DR Michele Lewin, clinical psychologist at the Oxford Medical Centre, said after the initial stages of sexual molestation, children begin to lose their self-worth as the molestation begins to shape their lives.
She said sexual molestation is one of the most traumatic experiences that a child could ever go through, moreso if the child is molested by people who are supposed to raise and validate him/her.
At age 11, Georgia R was raped by a security guard while she was a ward in state care. After this incident, her mother took her from the institution and brought her to her home. However, shortly after, Georgia said she was raped by her mother's husband and again by her own brother.
"When I told my mother she just cuss and told me that is lie mi telling and ask how me so out of order. She said the only rape that happened in her family is when my 'dutty father' raped her and get me," Georgia recalled, as she spoke to All Woman last week as part of her need to unburden herself for therapy.
Georgia decided to confide in her probation officer, who removed her from her mother's home and brought her back to another state home.
Georgia, now 48, said after the incident she was very withdrawn and would just sit in corners sucking her fingers. She said the incident still affects her today and has made her very protective of her own two daughters.
Dr Kai Morgan, clinical psychologist in the Department of Psychiatry at the University of the West Indies, said while she does not have actual figures on the number of cases of sexual molestation involving a parent or guardian, the incidences are very high. And the repercussion for the child if the mother refuses to believe can be devastating, she said.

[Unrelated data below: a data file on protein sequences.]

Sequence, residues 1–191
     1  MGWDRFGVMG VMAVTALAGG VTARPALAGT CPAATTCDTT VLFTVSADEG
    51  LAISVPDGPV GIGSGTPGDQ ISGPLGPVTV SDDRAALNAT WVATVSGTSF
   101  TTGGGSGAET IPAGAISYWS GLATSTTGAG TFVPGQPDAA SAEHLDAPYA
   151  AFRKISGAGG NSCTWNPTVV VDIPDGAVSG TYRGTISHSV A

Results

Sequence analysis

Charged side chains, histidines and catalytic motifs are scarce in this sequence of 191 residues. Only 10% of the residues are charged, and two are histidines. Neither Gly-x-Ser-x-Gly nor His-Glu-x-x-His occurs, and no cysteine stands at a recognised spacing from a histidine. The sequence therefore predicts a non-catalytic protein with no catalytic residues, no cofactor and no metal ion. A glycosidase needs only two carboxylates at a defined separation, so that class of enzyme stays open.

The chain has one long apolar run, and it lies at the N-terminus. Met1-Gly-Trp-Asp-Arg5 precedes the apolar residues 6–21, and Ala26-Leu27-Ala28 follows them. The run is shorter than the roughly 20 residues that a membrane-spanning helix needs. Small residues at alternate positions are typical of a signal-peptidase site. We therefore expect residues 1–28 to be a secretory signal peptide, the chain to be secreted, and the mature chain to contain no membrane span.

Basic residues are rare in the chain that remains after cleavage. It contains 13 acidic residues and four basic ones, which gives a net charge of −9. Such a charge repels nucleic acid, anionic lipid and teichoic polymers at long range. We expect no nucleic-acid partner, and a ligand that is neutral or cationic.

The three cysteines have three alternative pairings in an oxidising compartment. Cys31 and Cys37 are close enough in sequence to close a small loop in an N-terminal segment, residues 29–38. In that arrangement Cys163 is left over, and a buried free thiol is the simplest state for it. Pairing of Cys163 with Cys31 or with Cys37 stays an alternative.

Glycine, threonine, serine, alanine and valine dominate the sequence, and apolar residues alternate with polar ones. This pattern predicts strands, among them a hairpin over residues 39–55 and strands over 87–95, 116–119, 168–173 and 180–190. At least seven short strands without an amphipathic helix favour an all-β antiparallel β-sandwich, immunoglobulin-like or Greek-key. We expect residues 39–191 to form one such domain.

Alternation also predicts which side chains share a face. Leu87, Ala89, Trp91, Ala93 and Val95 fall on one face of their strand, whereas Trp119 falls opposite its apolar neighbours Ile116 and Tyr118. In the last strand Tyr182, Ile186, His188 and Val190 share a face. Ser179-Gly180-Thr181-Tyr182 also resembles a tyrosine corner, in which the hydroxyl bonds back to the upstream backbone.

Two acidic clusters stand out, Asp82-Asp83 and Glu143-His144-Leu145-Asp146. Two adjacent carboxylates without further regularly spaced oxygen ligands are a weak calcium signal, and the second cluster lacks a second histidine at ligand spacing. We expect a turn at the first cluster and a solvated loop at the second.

"If the mother doesn't believe her, the child is lost right there, because the child is probably not going to say anything to anybody else," Dr Morgan explained. "Because remember now, that child has been abused twice! They got abused by the person and then they get abused again by the one who does not believe them, so it's double trauma for them."
"After a while you don't believe in yourself anymore," Dr Lewin explained. "You don't believe much of yourself anymore. You start to believe what others think of you."
This, she said, can force a child to grow up not learning how to trust his/her own instincts and therefore find him/herself in situations where they are constantly vulnerable to such acts.
Today, Georgia suffers from chronic depression and has to be on constant anti-depressant medication after attempting to end her own life six months ago. She feels that the rapes from her childhood is a contributor to the trials she faces today.